Friday, 21 January 2011

First project Fini

The first (an easiest) pattern from my Sewing Through the Decades checklist is Butterick 3772.  In fact, it was so easy that tracing, cutting the paper pattern, cutting the fabric and sewing took about two hours.

I bought this cotton tablecloth at the Former Pattern Murdering Thrift Shop in my village.  I still don't know all the proper terminology for fabrics, so I'm going to call this thick cotton.  No, that's not right.  It's only medium weight, but very tightly woven, so I didn't have to worry about finishing the seams - I just pinked them.

(The daycare just finished a unit on insects, so all the little ones really love bugs.  "Bug" was one of Tashi's first words, so I thought she'd like this fabric.)  

Here's a photo of Tashi trying to take a photo, because there would be no photos of this project without letting her have her way, but there would have been a whole hell of a lot of screaming.

Bye bye.

Thursday, 13 January 2011

Sewing Through the Decades Sew Along

I just read about the Sewing Through the Decades Sew Along hosted by Debi and Sarah and thought it would be the perfect incentive to get the new year started.  After the chaos of Christmas (family death, travel to the west coast, travel back home, travel to US, getting stuck in Newark for a day and sleeping in the customer service line with the baby, etc. etc.), I have simply been recovering, and haven't even turned on the sewing machine.  But! I received a wonderful Christmas present:


So, since I'm a relative beginner and my pattern collection consists mostly of whatever I have leftover from the '80s-'90s, plus my recent thrift store scores, I think the best approach for me is one pattern from each decade.  My earliest pattern in 1948, so let's start there:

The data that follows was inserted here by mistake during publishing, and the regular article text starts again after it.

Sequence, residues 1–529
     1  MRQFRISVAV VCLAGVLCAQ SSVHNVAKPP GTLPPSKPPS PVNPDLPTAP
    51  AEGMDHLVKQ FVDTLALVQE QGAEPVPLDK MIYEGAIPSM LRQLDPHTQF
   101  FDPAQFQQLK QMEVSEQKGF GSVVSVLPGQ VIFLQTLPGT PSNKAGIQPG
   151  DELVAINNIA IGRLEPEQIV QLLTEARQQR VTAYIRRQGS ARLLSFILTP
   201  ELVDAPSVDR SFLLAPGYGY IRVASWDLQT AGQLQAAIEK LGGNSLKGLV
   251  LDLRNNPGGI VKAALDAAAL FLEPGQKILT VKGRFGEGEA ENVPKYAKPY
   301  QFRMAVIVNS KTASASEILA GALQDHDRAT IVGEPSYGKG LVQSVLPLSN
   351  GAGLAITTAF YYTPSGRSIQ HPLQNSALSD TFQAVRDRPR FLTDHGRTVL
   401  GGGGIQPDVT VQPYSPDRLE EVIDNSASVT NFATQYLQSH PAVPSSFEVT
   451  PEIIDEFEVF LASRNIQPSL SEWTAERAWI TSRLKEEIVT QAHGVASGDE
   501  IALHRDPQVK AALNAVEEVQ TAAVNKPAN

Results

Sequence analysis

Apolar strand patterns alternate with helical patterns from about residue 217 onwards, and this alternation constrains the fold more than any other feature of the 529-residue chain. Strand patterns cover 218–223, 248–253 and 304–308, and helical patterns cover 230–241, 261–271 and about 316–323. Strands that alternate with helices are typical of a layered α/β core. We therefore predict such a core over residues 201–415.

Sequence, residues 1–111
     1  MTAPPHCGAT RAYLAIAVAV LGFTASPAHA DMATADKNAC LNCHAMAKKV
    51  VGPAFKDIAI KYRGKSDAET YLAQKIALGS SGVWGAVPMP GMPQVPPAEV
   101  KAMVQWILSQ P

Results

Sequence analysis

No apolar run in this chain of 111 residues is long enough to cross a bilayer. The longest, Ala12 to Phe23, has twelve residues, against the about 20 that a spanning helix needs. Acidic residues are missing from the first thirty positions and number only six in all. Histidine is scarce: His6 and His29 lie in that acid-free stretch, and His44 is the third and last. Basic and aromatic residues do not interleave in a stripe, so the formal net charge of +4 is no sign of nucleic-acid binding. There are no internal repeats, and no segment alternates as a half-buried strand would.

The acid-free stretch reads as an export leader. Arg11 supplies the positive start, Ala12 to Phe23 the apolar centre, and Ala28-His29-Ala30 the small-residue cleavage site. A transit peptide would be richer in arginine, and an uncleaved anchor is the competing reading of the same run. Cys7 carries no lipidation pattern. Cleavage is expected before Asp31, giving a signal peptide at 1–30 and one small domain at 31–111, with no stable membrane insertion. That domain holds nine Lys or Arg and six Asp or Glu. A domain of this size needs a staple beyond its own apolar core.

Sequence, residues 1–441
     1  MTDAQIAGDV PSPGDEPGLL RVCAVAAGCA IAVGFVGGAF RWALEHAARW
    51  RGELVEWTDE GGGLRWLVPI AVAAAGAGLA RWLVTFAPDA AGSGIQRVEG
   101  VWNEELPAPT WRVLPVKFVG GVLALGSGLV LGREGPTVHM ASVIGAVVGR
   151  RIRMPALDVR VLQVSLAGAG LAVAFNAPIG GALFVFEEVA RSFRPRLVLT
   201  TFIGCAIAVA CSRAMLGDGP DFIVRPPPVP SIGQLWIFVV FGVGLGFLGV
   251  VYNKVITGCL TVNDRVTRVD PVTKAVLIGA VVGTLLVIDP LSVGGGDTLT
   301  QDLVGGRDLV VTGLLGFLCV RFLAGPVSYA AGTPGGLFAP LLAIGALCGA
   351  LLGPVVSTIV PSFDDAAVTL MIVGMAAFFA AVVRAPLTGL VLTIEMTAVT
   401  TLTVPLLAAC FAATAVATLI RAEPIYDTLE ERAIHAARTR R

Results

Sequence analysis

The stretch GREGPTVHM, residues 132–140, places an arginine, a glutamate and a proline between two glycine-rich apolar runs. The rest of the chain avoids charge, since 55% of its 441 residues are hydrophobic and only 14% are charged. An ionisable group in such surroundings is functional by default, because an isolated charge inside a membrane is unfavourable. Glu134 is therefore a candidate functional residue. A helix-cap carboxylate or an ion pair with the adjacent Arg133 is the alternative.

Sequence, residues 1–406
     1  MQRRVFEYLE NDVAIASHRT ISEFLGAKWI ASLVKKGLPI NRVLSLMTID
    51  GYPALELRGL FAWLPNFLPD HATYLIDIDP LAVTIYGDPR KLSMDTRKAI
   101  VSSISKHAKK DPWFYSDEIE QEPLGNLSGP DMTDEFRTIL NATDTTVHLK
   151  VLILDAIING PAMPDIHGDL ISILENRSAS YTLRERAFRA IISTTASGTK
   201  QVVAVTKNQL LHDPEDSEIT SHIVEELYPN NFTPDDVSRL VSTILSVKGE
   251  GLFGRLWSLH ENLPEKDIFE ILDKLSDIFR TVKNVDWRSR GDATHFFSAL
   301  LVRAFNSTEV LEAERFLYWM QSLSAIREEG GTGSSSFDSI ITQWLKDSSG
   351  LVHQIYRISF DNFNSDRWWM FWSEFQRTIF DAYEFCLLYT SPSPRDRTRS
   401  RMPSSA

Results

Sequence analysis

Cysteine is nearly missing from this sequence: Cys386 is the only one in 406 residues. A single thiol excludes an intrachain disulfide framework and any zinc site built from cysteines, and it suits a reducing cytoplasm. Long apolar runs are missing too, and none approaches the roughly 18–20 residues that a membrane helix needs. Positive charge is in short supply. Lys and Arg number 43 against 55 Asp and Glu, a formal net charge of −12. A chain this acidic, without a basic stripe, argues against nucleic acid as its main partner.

1940s:  Recent Etsy purchase; I plan to make view B in a vintage floral cotton I have around here somewhere.....
 1950s (via 2007):  Well, I had to cheat on this one since I don't have any 1950s patterns for women.

 1960s:  Maternity, but view C is so elegant that I think I'll give it a try.  Maybe just reducing the gathers in front will do the trick?

 1970s:  I already have the fabric and buttons picked out for this one:  View D with khaki for the yoke and snakeskin print for the body. 

 1980s:  I couldn't find a date for this one, but it is so totally obviously 80s.  Like, totally.

 1990s:  I've had this pattern since 1995 and still haven't made it.  It's a bit too mumsy, but maybe with the right fabric......I hope?

 2000s:  Something for my little Tashi.  Should be easy to whip up with some leftover fabric.

2010s:  Hey, I actually bought a new pattern from a real fabric store!  And paid full price!  There's a first time for everything.

So there's the plan for the next X number of months.  Between work, travel to South Africa / Botswana to host my tech transfer, travel to Florida and Cuba in the spring for family visits, and the usual winter sicknesses, I'm not sure how far I'll get.  But having a goal is sure to help me along.  

Sunday, 9 January 2011

Pattern Illustrators

I don't know about you, but I have my favourite pattern envelope illustrators.  They aren't credited (as far as I know), but certain works always catch my eye.  Take these Very Easy Very Vogue illustrations below:

I don't particularly love the patterns, but I am always "hearting" them on Etsy because there is something so attractive about them.  Then I realized that they all appear to be drawn by the same artist. 

On the other hand, you probably recognize the woman in these bizarre McCall '70s illustrations.  I call her The McCall's Cutie:  Fake-and-Bake tan, too much rouge, too much teeth, too vacant a stare....

 Marlo Thomas is often transformed into The McCall's Cutie.  Unfortunately.

What about you?  Are there certain envelope patterns that inexplicably draw you in because of their art?  Is there any way to find out the name of the illustrator for a particular series of envelopes?
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